Inventor plans 'invisible walls'

Susumu Tachis invention the "invisibility" cloak made a lot of headlines when it was first revealed last year. Now the inventor has a new project using this technology. He now wants to develop the technology to allow people to see through walls.

The inventor of an "invisibility" cloak has said that his next project will be to develop the technology to allow people to see through walls.

Susumu Tachi, who showed off the cloak at an exhibition in San Francisco earlier this month, said he was hopeful of providing a way to provide a view of the outside in windowless rooms. "This technology can be used in all kinds of ways, but I wanted to create a vision of invisibility," he told BBC World Service's Outlook programme. "My short-term goal would be, for example, to make a room that has no outside windows appear to have a view to the outside, then the wall would appear to be invisible."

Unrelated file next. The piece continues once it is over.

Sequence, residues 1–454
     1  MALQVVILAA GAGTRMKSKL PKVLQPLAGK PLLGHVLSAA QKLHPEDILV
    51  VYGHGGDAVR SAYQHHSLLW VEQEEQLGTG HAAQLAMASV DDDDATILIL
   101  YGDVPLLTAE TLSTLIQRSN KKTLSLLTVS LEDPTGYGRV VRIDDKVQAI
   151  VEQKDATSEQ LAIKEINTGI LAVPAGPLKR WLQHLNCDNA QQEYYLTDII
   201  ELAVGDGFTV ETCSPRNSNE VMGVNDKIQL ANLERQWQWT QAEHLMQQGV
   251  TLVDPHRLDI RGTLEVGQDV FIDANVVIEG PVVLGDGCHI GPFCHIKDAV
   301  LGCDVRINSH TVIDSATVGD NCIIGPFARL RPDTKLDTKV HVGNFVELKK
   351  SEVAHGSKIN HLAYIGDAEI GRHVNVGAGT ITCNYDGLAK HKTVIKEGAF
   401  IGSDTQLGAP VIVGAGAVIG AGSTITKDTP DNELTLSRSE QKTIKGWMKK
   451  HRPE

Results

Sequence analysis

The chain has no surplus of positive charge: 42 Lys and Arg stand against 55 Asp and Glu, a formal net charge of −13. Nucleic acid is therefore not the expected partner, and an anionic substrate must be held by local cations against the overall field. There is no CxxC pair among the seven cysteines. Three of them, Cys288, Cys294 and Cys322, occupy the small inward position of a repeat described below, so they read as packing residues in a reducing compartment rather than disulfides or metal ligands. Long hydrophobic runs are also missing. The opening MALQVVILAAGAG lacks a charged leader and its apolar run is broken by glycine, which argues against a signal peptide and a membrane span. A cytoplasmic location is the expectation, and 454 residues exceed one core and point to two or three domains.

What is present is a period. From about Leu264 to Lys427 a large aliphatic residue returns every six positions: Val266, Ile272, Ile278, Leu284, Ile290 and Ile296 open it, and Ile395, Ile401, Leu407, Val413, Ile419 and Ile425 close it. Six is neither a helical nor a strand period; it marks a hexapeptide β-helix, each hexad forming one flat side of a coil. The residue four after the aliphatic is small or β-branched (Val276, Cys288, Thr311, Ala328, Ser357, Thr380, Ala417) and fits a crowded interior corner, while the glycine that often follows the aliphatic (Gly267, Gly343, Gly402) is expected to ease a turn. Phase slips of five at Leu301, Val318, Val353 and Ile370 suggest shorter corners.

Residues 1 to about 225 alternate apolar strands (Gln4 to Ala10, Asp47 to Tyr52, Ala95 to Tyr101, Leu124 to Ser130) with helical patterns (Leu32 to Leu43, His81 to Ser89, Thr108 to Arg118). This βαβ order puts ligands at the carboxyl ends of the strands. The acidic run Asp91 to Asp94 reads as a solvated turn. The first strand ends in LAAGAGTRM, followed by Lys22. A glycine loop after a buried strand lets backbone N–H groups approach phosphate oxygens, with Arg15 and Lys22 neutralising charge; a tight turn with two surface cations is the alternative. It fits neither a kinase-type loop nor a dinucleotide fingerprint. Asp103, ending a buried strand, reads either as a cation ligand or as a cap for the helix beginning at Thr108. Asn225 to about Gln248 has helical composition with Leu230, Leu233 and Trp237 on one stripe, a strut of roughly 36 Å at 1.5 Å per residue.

Use and misuse

Professor Tachi's cloak works by projecting an image onto itself of what is behind the wearer. A computer generates the image that is projected, so the viewer effectively sees "through" the cloak. Invisibility material may allow pilots to see through the floor of their planes. The key development of the cloak, however, was the development of a new material called retro-reflectum.

News source: BBC News

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